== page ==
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Toon Tuesday: "We're heading in the wrong direction. Let's turn around"

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Toon Tuesday: "We're heading in the wrong direction. Let's turn around"

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First the bad news: Yes, the rumors you've heard are true. Chris Sanders -- the man who wrote & directed "Lilo & Stitch," Disney's traditionally animated smash from the summer of 2002 -- was forced off of his follow-up project, "American Dog." Which was originally supposed to be WDFA's big release for 2008.

Now the worse news: Given what a huge talent Chris is, how highly this man is thought of by the rest of the crew at Disney Feature Animation ... Sanders being pulled off of his own picture this past Wednesday -- coupled with those 166 staffers that were laid off last Friday -- has caused morale to sink to an all-time low at WDFA .

Which I know isn't exactly the hopeful sort of story that people like to read around Christmas. So how's about this: What if I were to tell you the real reason that John Lasseter & Ed Catmull pulled Chris Sanders off of "American Dog" ?

But before I can do that ... You first have to take a few steps back ... I mean w-a-a-a-y back. Take in the view from a thousand feet back.

I mean, sure. From six inches away, Sanders being forced off of the film that he himself wrote, featuring characters that Chris helped create .... That seems like a real tragedy. A true injustice.

Copyright 2005 Disney Enterprises

But -- from where Ed & John are sitting -- there are bigger problems to deal with right now besides the fate of one piddly little animated feature. Like what the hell sort of movies should Disney Feature Animation be making these days anyway?

Pixar? They do CG well. Very, very well, in fact. And -- for a while there -- that Emeryville-based operation pretty much had a lock on the whole computer animation field. But now Pixar faces increasing competition in the CG arena. I mean, it's not just DreamWorks Animation that's turning out popular computed animated movies anymore. There's also Blue Sky Studios & Sony Animation & Warners & Nickelodeon ... As well as Disney Feature Animation.

You see, that's the really tough part of the situation that Catmull & Lasseter now find themselves in. These guys are running two animation studios that are -- in effect -- in direct competition with one another. Think about it. If Pixar's making CG films and WDFA is also producing computer animated features, doesn't that basically mean that these two studios are now competing for the same customers? That they're both lusting after the same dollars?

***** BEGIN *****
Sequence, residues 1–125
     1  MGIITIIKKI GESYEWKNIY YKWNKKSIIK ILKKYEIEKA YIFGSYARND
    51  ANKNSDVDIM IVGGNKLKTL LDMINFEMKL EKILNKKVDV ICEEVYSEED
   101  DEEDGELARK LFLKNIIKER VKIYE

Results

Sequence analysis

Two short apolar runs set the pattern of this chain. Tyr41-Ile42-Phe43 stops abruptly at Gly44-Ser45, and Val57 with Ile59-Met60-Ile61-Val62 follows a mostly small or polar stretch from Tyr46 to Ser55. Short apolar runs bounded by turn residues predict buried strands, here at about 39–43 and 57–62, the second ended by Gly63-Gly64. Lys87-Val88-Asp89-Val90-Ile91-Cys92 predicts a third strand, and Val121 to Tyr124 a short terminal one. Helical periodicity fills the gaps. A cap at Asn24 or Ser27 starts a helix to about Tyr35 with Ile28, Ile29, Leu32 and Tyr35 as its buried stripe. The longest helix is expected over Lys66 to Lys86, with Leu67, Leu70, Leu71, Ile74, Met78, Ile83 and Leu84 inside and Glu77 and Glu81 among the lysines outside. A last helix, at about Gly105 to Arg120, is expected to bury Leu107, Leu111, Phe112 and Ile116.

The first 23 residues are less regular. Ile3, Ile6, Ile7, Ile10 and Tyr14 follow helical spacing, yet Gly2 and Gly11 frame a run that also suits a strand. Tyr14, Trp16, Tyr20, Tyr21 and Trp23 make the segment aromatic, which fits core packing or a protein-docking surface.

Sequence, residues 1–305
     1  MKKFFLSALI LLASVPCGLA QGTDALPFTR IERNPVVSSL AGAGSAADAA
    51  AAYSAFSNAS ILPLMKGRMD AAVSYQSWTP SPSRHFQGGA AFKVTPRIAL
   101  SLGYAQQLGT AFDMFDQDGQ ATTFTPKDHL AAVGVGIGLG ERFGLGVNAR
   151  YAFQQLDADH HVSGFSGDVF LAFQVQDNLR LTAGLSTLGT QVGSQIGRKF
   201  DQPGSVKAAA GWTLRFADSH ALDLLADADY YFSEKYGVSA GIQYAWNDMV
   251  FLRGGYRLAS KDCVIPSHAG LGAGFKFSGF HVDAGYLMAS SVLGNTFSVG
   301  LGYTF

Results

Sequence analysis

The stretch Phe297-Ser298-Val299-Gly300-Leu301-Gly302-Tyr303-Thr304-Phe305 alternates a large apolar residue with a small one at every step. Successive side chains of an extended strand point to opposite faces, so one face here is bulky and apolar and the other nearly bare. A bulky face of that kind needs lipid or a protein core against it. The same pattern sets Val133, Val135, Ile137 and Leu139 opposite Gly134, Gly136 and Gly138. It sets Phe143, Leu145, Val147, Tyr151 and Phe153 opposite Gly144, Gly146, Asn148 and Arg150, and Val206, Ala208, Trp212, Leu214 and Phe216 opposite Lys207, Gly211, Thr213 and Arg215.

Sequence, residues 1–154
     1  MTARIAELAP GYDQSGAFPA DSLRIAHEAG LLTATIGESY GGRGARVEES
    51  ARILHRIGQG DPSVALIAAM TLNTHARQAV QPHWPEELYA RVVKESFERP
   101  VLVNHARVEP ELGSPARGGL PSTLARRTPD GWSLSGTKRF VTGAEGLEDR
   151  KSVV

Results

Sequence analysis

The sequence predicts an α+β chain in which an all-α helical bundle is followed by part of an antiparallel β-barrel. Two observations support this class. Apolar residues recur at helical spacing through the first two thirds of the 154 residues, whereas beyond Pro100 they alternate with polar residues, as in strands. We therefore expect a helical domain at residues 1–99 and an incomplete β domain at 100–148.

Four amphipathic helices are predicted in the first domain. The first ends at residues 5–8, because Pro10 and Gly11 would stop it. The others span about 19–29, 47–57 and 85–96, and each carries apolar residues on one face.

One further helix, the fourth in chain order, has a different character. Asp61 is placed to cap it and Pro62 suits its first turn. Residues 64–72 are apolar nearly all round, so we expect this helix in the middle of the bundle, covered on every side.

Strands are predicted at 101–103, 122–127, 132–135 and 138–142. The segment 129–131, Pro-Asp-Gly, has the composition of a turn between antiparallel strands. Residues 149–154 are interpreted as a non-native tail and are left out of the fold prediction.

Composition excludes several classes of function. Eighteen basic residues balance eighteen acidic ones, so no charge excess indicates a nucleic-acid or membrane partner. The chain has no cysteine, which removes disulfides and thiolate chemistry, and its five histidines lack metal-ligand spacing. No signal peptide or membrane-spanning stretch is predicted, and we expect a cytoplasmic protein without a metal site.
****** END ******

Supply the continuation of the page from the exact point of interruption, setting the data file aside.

That doesn't seem like a very smart business plan to me. Competing directly with yourself.

Wouldn't it be smarter (in the long run, anyway) to create a way that consumers could differentiate between these animation studios? So that they'd know to associate a certain sort of film with Pixar and an entirely different type of production with Walt Disney Feature Animation?

Well, that's the way that Catmull & Lasseter are thinking these days. Which is why they've begun applying the brakes over at WDFA. Shifting that animation studio's production schedule over from a one-new-film-every-year routine to a slower paced one-new-film-every-18-months production schedule. So that they can then buy themselves a little more time before the next Disney Feature Animation production after "Meet the Robinsons" is due to hit the screen.

Now -- as to the real reason that Ed & John pulled Chris off of "American Dog" ... Sanders deliberately designed that film to be a CG feature. And Catmull & Lasseter ... Well, they don't really want Disney Feature Animation to be in the computer animation business as of 2008.

Copyright 2005 Disney Enterprises

"Wait a minute ..., " you sputter. "You don't mean ... You can't mean ..."

Yep. Following the release of "Meet the Robinsons," Ed & John would like WDFA to go back into the traditional animation business. Full-time. With their battle plan being that -- from here on in -- Pixar would do all of the CG features while Disney Feature Animation would then become a strictly traditional operation.

Obviously, this is a pretty bold plan. One that (given the $100-million-plus that WDFA spent over the past three years to retrain that studio's staff as well as to change Disney Feature Animation into a start-of-the-art CG operation) Bob Iger reportedly hasn't entirely embraced yet. The way that I hear it, Disney's new CEO wants to see how well "Enchanted" does at the box office next November as well as how the story reels for "The Frog Princess" turn out before he officially commits to Catmull & Lasseter's new scheme.

So again ... When you take in the view from a thousand feet back ... And you realize that animated features are like ocean liners. In that they both take years to build & then launch ... If Disney Feature Animation really is going to get back into the traditional animation business ... Well, that means that -- at some point -- WDFA actually has to stop working on those CG-only projects that it already has in its development pipeline.

It was just the luck of the draw that Chris Sanders' "American Dog" wound up being the film that was about to be greenlit, that was officially about to be put into production when Ed & John decided "Let's not do this anymore."

Oh, sure. There'll be some talk now about about assigning a new director & story team to "American Dog." But the very first thing that Catmull & Lasseter will be asking these folks to do is re-imagine this film as a traditionally animated feature.

Copyright 2005 Disney Enterprises

And remember how Ed & John reportedly had a conversation with Glen Keane earlier this year about possibly doing "Rapunzel" as a traditionally animated feature? And how that master animator supposedly told the new ubermeisters of WDFA that he wanted to stick with CG? Well, I would imagine that -- after the first of the year -- Catmull, Lasseter & Keane are going to have another conversation. And if Glen knows what's good for him, he'll quickly agree to turn "Rapunzel" into a traditionally animated feature.